What will this quiet do for the offenses, and the quarterback? I asked Tony Racioppi, the smartest person I know when it comes to the QB position. Here’s what he had to say: “I think it will only benefit QBs, especially the veteran ones. Ability to use snap counts to keep [the defensive line] off balance and manipulate secondary. Communication is huge and will be a lot easier to check in and out of plays vs looks using both words and hand signals. I think third down and Red Zone will be easier to execute on road because that’s when crowds are loudest. Offense is about communication, rhythm, timing, execution. All things that should improve without crowds.” That should make life easier on quarterbacks, including Jones.

ESPN’s Jeff Darlington critical of Redskins leadership - Hogs Haven
Darlington spoke of his long experience reporting on all 32 teams in the league, and began by clarifying that he wasn’t able to personally speak to the allegations of sexual harassment of women, but went on to discuss the leadership of the franchise. At one point, Darlington said that it was “certainly not going to come as a surprise to many people who cover the organization; whether it’s local media or lower level members of the organization, they simply have not been treated well for years in that building, and unless something is changed by Dan Snyder, that will continue to happen.” Darlington was certainly not pulling any punches, as his entire report focused on owner Dan Snyder and his personal style of leadership.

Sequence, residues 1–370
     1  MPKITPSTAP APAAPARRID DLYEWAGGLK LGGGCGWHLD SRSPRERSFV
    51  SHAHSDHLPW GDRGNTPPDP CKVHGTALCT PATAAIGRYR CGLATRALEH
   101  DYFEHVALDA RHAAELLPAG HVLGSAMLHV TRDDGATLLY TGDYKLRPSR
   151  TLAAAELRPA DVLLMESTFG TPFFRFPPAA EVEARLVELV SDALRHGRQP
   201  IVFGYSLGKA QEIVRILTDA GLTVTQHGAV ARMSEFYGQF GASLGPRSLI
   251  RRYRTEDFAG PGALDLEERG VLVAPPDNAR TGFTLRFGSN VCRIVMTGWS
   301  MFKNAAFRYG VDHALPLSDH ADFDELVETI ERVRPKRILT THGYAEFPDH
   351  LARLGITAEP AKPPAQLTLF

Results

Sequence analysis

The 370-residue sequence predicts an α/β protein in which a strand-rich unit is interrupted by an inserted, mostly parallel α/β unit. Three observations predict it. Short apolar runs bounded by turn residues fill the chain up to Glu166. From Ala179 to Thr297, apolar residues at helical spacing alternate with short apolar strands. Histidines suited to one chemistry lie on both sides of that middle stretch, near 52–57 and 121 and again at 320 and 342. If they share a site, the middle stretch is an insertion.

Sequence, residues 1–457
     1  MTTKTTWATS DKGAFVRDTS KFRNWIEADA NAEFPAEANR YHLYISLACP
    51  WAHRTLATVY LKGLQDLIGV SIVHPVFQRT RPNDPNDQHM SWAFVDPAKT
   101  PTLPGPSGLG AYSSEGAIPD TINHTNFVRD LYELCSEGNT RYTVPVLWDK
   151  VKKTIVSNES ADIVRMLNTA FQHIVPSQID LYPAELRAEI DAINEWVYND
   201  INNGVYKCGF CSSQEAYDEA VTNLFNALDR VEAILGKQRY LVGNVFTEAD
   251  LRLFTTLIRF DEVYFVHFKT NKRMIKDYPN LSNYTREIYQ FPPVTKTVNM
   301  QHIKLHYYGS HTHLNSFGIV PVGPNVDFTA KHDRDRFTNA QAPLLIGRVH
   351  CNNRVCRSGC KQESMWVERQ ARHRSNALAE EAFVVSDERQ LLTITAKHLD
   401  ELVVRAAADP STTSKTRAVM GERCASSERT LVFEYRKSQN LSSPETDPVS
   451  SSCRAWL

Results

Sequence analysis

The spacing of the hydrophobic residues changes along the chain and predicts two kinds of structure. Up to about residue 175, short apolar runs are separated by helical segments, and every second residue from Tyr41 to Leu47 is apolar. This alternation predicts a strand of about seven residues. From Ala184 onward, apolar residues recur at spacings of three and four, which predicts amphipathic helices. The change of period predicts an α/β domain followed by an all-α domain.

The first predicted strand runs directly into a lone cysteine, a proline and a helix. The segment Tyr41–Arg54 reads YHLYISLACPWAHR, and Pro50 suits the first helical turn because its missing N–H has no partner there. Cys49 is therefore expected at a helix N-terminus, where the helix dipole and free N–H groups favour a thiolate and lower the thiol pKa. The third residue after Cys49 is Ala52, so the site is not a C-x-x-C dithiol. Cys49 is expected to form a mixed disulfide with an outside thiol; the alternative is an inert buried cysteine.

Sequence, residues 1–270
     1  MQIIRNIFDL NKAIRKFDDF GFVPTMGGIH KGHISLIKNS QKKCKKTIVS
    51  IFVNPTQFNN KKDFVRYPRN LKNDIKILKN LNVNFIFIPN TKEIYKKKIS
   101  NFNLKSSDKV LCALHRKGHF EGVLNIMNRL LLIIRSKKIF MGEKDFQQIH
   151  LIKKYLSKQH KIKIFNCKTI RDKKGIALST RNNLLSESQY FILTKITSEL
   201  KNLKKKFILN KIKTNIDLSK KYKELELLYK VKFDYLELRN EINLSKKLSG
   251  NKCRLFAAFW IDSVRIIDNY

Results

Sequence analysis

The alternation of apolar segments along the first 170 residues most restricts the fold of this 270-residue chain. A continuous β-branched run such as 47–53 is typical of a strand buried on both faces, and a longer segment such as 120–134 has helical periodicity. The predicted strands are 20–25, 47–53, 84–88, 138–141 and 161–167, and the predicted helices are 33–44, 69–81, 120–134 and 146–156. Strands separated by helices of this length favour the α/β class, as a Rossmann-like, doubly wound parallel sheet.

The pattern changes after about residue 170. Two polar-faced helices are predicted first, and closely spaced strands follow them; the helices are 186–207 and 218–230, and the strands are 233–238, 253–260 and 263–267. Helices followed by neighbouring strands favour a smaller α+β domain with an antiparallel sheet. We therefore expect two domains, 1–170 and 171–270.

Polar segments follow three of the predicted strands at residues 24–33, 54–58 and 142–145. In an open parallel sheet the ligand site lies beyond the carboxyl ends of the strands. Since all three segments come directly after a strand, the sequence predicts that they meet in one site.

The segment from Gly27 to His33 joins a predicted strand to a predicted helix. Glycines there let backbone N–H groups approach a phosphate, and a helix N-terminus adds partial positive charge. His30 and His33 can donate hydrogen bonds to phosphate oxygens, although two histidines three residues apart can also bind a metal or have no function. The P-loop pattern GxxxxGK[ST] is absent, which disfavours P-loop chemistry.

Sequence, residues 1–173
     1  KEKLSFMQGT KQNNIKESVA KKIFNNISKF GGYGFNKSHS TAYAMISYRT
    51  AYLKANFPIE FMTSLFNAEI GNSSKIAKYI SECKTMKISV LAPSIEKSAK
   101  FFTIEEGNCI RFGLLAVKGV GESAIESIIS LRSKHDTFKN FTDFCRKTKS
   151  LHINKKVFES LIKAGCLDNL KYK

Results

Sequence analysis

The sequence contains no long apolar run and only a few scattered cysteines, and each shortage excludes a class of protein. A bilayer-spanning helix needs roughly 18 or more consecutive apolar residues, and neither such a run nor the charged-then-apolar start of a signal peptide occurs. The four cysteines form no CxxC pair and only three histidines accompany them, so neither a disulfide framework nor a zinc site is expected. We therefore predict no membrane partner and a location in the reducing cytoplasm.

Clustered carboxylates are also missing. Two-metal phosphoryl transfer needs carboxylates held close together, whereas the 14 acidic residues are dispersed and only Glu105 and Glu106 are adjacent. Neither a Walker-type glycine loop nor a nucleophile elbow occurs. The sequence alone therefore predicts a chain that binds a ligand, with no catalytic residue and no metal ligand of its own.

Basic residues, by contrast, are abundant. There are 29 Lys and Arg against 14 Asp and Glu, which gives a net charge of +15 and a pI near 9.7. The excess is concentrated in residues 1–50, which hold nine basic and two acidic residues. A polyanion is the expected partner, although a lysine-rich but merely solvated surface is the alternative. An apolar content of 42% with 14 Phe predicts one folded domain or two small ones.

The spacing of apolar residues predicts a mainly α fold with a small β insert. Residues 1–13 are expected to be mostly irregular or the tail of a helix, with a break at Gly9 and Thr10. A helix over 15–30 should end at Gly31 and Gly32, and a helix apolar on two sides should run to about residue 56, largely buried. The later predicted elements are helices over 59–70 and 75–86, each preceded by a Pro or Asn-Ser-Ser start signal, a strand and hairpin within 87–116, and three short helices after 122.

Friday Fun: What is the worst fantasy trade you’ve ever made? - Fake Teams
What trade have you made that you look back on and wonder why you ever thought that was a good idea?

Clarifying the 2020 injured reserve/COVID-19 rules - PFT
Our recent item regarding expanded use of injured reserve with the ability to return was partially correct, and partially not. Now that the full document containing all details of the league’s offer to the NFL Players Association has been obtained by PFT, we can spell out exactly how injuries and COVID-19 diagnoses would be handled in 2020. The procedures previously explained actually would apply to injured reserve generally. Every team would have the ability to return an unlimited number of players to the active roster following placement on injured reserve or the non-football injury/illness list.

With camp 10 days away, NFL and players at odds over testing, preseason, money - The Athletic
There’s one thing the NFL and its workforce of about 2,000 players know for sure about the league’s plan to return to work amid that coronavirus pandemic: All players are expected to report to training camp on July 28. That became clear to members of the NFL Players Association late Thursday, after calling an emergency virtual meeting with team doctors from across the NFL. “The doctors on the call last night, with a few reservations, said they believe it is safe to open training camp. They gave their medical opinion it was safe to open training camp, and that’s where we are,” NFLPA executive director DeMaurice Smith said Friday. But what exactly training camps and the regular season will look like, and what the financial fallout for 2021 and beyond will be, remains remarkably unclear, as the union and the league continue to work through health and safety protocols and negotiate the economic implications of attempting to play games while COVID-19 cases continue to rise across much of the country.